The Pokey Finger of God

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Meditation Class

August 19th, 2005 · No Comments · Illuminations, metaphysics

Meditation is a natural state of mind that we unconsciously achieve many times each day. The of meditation consists of the exercise of deliberately inducing this state of mind in order to gain the benefits of a mind at rest. Cultures and religions around the world revere meditation as the keystone of spiritual practice. Part of its universality is the technique: if you can walk and talk, you can mediate.

The body has a number of natural states that it will move through in the cycle of a day, from deep sleep to peak alertness. Most time is spent not at the extreme ends, but in the middle of this alertness axis. The highly alert state is characterized by heightened clarity of thought, increased perception, faster breathing and heart rate. Conversely, the state of deep sleep is one of slow breating and heart rate, numbed perception and active hallucination.

Along the alertness axis, at the border between asleep and awake, is the sweet spot for hypnosis, trance work, and meditation. It is here that breath and heart rate can be best controlled, and it is here that the mind can most easily be focused. Heart rate has the most direct impact on the general alertness of the body, but is not as easily controlled as breathing. Fortunately, breath rate effects not only heart rate, but also mental function. By deliberately choosing a pattern of breathing that moderates the heart rate, yet increases the oxygen to the brain, the mechanical elements of meditation are satisfied.

The other half of the meditation formula is intention to maintain mental focus on a given target. Keeping mental focus on a single target for fifteen to twenty minutes requires a stamina that can only be built up through regular practice. Some targets are easier for the novice than others. Setting focus on a novel breathing pattern is a reasonable and expected goal for the beginner. Once the breathing pattern is mastered and stamina is built up, other targets can be utilized.

Early on, it will become apparent to the beginning student that maintaining focus on anything for twenty minutes, even something as obvious as breathing, is a tremendously difficult task. Loss of focus during meditation is called a break, and it typically takes the form of a brief reverie in which some minor memory or stress suddenly takes mental focus. Generally, as one becomes aware that a break has occurred, one returns focus by taking a deep breath and resuming concentration on the target.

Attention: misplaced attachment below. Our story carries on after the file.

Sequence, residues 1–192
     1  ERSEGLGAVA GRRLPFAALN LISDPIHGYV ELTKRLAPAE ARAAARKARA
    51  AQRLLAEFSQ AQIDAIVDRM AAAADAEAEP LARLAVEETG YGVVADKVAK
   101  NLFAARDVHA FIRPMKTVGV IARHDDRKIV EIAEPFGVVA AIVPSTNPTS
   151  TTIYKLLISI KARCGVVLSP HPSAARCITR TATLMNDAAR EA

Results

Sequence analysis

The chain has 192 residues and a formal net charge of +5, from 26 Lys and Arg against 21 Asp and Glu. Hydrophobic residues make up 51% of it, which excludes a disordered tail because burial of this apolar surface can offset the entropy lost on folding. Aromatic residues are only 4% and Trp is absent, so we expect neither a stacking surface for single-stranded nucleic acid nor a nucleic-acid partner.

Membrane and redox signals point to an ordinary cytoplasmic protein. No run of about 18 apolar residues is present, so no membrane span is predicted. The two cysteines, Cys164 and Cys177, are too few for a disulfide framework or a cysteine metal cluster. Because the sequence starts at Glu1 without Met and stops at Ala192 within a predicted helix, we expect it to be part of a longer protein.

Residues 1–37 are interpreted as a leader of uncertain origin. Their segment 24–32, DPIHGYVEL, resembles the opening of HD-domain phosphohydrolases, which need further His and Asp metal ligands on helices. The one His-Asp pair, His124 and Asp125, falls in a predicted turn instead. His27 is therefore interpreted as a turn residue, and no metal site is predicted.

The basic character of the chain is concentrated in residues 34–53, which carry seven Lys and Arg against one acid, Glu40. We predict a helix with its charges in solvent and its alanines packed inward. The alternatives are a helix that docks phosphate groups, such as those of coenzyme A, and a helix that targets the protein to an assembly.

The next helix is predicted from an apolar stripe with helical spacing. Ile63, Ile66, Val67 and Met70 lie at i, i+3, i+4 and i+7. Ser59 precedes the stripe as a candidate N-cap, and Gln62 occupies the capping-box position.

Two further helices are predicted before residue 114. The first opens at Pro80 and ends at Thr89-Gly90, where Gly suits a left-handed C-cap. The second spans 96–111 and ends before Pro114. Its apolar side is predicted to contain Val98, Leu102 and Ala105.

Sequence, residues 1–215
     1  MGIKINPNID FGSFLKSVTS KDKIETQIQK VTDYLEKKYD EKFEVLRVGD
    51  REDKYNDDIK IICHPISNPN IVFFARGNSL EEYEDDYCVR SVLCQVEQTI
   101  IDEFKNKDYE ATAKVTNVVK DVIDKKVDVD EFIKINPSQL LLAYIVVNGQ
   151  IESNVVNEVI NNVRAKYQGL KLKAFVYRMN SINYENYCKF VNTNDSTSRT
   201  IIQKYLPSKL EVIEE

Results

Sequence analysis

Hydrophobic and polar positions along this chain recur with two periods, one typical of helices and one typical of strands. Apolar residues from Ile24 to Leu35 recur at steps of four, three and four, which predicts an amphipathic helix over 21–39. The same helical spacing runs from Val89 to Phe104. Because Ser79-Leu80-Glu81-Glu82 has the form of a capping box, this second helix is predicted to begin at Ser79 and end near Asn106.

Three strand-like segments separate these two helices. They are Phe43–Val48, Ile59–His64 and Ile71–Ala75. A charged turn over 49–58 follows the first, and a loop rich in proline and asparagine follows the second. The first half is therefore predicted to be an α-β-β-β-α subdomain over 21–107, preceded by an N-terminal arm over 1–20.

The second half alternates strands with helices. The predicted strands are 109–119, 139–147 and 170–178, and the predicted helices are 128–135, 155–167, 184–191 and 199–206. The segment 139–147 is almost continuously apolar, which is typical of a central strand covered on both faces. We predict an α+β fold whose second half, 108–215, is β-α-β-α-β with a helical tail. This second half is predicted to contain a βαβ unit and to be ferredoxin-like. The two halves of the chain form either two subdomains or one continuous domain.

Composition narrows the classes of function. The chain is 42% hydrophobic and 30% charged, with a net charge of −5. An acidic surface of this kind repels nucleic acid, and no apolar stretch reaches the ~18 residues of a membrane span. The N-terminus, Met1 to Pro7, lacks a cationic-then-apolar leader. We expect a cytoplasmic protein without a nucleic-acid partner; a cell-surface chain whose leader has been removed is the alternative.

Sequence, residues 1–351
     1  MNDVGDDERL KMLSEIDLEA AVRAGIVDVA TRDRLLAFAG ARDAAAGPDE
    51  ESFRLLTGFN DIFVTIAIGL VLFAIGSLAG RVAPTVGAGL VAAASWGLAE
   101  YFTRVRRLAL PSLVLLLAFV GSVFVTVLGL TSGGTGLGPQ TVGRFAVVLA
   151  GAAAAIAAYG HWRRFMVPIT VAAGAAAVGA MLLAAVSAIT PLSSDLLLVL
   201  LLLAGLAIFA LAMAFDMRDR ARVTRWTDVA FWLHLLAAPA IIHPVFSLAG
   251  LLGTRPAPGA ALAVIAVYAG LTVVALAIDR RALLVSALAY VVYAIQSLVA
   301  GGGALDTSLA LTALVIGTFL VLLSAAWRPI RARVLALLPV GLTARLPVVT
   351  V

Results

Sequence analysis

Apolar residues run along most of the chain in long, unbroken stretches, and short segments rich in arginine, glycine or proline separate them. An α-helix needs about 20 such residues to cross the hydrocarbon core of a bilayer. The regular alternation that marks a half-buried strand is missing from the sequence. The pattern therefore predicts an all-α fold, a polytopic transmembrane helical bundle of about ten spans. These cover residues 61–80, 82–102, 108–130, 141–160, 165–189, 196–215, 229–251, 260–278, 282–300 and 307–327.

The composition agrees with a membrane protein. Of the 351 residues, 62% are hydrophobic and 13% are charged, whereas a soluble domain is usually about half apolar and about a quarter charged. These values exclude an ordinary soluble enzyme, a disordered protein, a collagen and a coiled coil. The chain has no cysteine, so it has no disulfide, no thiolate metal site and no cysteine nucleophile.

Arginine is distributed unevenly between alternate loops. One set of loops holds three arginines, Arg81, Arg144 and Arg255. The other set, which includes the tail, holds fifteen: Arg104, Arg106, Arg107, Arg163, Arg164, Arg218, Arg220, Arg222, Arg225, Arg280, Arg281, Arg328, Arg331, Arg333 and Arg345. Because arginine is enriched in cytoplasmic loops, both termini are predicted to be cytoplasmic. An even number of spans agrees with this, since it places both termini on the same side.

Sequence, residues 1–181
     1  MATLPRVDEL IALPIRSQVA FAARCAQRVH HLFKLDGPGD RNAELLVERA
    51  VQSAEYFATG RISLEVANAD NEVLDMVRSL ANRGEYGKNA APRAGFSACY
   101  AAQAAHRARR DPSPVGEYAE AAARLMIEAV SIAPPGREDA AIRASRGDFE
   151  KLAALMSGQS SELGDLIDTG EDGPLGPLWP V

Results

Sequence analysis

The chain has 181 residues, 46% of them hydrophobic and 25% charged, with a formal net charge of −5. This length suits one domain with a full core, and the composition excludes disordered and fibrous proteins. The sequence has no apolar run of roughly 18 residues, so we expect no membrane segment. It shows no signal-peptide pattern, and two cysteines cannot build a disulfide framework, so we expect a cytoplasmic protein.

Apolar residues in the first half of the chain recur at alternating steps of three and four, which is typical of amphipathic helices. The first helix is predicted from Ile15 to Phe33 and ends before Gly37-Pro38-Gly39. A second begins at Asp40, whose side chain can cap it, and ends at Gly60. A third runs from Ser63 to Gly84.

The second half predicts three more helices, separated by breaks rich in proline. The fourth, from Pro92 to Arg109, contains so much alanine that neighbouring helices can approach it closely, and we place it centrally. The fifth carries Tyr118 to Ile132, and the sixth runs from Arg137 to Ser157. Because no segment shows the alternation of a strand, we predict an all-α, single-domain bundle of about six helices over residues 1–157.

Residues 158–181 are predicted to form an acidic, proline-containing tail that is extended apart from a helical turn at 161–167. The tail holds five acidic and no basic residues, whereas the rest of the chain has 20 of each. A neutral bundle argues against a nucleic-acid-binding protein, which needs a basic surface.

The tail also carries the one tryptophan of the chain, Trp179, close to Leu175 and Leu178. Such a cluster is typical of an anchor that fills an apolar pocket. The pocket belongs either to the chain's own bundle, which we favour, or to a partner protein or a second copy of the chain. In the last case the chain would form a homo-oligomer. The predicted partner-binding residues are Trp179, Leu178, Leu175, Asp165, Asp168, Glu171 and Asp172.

Periodically, one may choose to remain within a break in order to complete the thought. Occasionally, an entire break may run its course, leaving one briefly in a state of satori until one realizes that the focus has been lost and must be regained. Frequently, the completion of a break in this way results in a secondary effect of relaxing a knot in a muscle somewhere in the body. This is because memories aren’t just stored in the brain.

Another suitable focus for meditation is a single word or phrase; whether or not it makes any sense has no bearing on its effectiveness as a meditative focus. Tarot cards, Bible passages, God names, affirmations, art, and musical patterns all make excellent subjects for meditation.

Ultimately, the best focus is nothing. When the body has been trained to maintain the meditative state, the focus can be slowly allowed to fade away until nothing is left and the mind is quiet. In the practice of Zen meditation, this state of mind is called “Satori”, I call it a “Trance” state, and it should become the ultimate goal of your meditation practice.

With practice, this state of mental balance can be called upon at will. While meditating “on” a topic can be an entertaining and pleasant way to pass a practice session, the actual trance state provides a number of additional benefits, some of which will be discussed in the next hour.

Just to be clear, there should be a time and a place for meditation. However, you don’t have to be sitting in a chair to meditate. Walking meditation is often a delightful way to get both exercise and light meditation at the same time. When you find yourself unable to sleep at night, meditation for fifteen minutes can often allow the mind to slip peacefully into a deep sleep.

Do not meditate while driving or operating heavy equipment.

If you find that you have difficulty finding the time to meditate, you may need to make a special point to create the time to meditate each day. Often, meditation occurs after exercise, yoga, or ritual, so if these activities are already part of your daily habit, you may already have the perfect meditation time waiting for you. I must highly recommend yoga as a shockingly powerful tool for health and happiness. It is truly a perfect technology, and a most ancient understanding of the complete potential of the human body. And you can always meditate afterwards.

Perhaps the most valuable benefit of meditation is that it is as a sword that cleaves the very heart of stress. Stress is the enemy. Stress is what kills humans more than any other preventable cause of death. Daily practice of meditation has a host of health benefits, mostly relating to the fact that it’s a remarkable cure for stress. The best part is that even the beginner can gain this benefit immediately upon initiating practice.

Meditate daily.

The Illumination Series is a set of informal classes for the novice who is interested in self-improvement and spiritual development. Information is provided in a clear, not hokey, way about the actual mechanics behind the techniques learned. Exercises and suggested readings are provided to allow the student opportunity to practice at home.This class will be offered at Ruta Maya, at 2pm, Saturday, August 20th.

See the Illumination Series website for more information.

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